AMC’s The Walking Dead has always had a knack for manipulating its audience, but this year’s hyper-violent season premiere went too far. In fact, it went so far that we canceled our ongoing series The Walking Dead Quitter’s Club, with co-author Bryan Bishop swearing off the show entirely.
Now, Nick Statt is trying to change his mind. Instead of tearing the show down, Nick will be finding something to highlight. It might be a subtle change in character, a great action scene, or a new development in a narrative arc. But every week, he’ll be seeking out things that remind us of the very best of The Walking Dead — the moments that might just give viewers a reason to come back.
Welcome to The Walking Dead Redemption Club.
Another episode, another opportunity to bring you back from the brink of zombie apocalypse oblivion. It’s been two weeks since the fateful season seven premiere of The Walking Dead, and I can safely say that 14 days is the recommended grieving period for fictional television characters (in the scientific study I just made up).
That said, I know it’s more than just the brutal deaths of longtime characters that’s forced you, and others, away from the show. It’s the constant push and pull between what TWD aspires to be and what it shamelessly falls back on when elevated storytelling gets too tough. Last night with “The Cell,” we got another completely standalone episode, and I’m beginning to think that the show could be better if it stuck with this format through and through. Alas, we’ll have to come back to Rick and Maggie and their soul-crushing grief eventually.
For now, let’s savor the departure.
A musical montage that works
As a hit-or-miss TV historian, I cannot definitively tell you where the cold open musical montage comes from. I can, however, tell you that its most effective use in my mind was in the season two premiere of Lost. That’s when Desmond Hume (Henry Ian Cusick) went about his daily routine inside the show’s legendary hatch to the tune of “Make Your Own Kind of Music" by Mama Cass.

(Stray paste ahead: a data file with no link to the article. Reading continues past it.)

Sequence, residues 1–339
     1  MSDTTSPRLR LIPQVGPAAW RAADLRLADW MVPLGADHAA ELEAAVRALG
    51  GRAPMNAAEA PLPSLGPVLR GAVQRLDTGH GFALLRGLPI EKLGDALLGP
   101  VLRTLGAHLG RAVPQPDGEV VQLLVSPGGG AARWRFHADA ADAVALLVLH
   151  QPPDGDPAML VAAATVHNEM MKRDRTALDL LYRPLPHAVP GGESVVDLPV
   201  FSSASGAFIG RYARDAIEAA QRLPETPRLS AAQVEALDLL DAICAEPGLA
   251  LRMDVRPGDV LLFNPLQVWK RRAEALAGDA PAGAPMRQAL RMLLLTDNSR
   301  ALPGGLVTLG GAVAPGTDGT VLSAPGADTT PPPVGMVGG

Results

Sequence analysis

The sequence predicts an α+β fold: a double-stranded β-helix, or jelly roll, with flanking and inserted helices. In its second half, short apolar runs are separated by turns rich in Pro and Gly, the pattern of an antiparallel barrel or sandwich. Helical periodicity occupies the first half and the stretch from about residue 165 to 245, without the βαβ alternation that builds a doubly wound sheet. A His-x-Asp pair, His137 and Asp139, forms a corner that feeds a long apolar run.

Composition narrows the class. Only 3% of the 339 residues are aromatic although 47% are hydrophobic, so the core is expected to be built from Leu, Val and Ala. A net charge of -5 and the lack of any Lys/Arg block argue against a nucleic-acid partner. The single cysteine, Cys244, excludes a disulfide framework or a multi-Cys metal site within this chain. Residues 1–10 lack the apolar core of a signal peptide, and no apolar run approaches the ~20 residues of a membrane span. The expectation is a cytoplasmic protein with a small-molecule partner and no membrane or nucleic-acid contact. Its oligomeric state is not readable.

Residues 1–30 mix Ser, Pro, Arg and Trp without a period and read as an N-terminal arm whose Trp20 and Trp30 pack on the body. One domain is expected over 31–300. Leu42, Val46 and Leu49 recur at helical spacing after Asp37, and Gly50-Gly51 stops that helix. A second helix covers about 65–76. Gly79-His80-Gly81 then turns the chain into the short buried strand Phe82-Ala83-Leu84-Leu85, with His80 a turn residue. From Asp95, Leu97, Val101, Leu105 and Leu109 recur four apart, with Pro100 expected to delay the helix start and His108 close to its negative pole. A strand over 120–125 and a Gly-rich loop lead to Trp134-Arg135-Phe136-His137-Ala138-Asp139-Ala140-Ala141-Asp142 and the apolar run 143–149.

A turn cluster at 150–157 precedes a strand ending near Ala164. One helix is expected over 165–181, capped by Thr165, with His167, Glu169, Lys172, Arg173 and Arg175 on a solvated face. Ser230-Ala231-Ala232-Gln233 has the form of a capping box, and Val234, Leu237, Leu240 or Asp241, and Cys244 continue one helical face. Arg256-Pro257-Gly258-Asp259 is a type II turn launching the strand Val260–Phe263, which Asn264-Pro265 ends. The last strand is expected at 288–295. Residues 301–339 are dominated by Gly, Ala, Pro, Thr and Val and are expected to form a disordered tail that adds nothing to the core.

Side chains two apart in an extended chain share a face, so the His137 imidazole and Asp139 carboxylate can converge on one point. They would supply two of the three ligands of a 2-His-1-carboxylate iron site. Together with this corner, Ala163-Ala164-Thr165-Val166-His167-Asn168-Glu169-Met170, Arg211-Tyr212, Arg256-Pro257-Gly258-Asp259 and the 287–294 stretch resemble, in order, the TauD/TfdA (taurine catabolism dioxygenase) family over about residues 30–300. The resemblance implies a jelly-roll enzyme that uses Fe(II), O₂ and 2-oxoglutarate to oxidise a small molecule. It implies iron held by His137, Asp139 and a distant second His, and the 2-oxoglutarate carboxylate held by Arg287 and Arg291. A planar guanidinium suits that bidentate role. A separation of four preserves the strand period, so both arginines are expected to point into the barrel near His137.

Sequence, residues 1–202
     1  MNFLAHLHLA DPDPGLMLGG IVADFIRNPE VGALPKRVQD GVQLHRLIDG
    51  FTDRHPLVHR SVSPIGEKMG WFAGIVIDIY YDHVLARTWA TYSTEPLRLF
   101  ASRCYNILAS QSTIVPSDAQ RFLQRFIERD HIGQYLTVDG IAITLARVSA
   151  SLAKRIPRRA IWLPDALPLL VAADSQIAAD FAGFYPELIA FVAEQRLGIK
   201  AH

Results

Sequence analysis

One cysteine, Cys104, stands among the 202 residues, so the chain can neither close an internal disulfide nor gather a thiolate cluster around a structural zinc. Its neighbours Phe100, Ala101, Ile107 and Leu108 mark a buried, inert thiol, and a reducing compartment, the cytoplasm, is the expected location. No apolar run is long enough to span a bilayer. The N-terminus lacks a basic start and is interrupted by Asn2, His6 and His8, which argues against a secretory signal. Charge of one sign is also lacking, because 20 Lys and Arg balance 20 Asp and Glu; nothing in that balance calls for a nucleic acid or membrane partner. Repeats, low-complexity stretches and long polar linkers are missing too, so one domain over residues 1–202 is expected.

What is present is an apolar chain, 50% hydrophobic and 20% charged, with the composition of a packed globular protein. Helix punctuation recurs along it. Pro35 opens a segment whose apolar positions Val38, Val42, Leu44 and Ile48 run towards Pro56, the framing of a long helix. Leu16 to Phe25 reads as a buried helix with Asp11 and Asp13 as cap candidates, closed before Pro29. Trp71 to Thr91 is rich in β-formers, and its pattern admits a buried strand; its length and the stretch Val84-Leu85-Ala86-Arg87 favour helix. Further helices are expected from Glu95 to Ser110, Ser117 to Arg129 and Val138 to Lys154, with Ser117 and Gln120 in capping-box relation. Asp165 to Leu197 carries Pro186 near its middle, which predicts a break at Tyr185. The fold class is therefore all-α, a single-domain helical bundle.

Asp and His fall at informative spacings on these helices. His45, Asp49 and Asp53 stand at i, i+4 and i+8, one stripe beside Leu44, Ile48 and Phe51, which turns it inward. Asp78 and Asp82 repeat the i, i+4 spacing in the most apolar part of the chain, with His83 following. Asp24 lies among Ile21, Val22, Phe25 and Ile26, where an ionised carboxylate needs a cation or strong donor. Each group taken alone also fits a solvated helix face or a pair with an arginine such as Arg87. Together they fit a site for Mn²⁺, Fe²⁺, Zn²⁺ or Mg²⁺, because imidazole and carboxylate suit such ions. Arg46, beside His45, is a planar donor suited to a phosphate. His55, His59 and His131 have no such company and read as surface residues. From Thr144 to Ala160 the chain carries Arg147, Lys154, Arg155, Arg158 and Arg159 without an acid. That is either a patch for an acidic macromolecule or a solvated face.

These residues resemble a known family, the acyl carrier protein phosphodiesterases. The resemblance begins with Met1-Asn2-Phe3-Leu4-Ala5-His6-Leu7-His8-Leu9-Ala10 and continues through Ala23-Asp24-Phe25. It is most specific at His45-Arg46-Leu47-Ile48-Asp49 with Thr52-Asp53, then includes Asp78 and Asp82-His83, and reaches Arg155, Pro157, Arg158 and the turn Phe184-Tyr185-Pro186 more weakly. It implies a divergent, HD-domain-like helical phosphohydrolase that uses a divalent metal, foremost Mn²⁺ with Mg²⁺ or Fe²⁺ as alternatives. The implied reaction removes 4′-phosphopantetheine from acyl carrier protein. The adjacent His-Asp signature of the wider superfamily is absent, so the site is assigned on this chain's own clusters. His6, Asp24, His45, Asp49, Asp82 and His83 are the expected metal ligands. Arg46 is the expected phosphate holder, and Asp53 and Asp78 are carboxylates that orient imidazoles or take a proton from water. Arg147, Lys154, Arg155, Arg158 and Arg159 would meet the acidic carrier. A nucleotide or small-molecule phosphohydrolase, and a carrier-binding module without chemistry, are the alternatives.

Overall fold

Five years exist between that Lost episode and the debut of The Walking Dead, and you can certainly feel the influence. The long-running zombie show has used offbeat musical choices to set the mood and pull apart our connections to pop culture by weaving sublimely normal moments into otherwise grisly scenarios. In the opening of “The Cell,” we get a particularly effective use with Dwight’s daily routine set to The Jam’s “Town Called Malice.” Instead of telling us things we already know, or trying to force an emotional response, the scenes just drop powerful hints about the kind of power-obsessed society The Saviors have built under Negan.
By way of force, The Saviors get to enjoy the bountiful yields of other groups as evidenced by Dwight’s increasingly elaborate egg salad sandwich. (It’s got pickles, and mustard!) Those close to Negan can even spend time playing games and whittling figurines. “Town Called Malice,” itself an upbeat track with sinister undertones, plays up how twisted life is under The Saviors. But it’s Dwight — his face half-covered in a terrible burn scar — who knows better than anyone why one shouldn’t mess with the order.
Negan is the true sociopath the show has been looking for
What makes Negan a fascinating character is how he picks and chooses the moments to wield violence and show force. In taking Rick and the crew hostage in the premiere, and calmly talking them through the horror every step of the way, we saw Negan’s capacity for psychological manipulation and cruelty. With Daryl in “The Cell,” we see Negan’s approach to breaking people. He not only makes his victims abundantly aware of when they’re being shown mercy, but he taunts them openly about their situation, promising to fix it — so long as they kneel.
Interestingly, Negan’s biggest flaw seems to be his fascination in how other people’s minds work. In a crucial moment in last night’s episode, Negan pretends to swing his bat at Daryl, only to discover that his hostage barely even blinks. Later on, he demands Daryl refer to himself as Negan, The Saviors’ cult-like response to the question, “Who are you?” When Daryl refuses, he’s still not killed and simply sent back to his cell. Just as Negan let Rick live because he seemed fascinated by his would-be rival, so too is Daryl spared because of his open and fearless defiance. A ruthless but logical leader would execute their threats, but Negan would much rather exact subservience.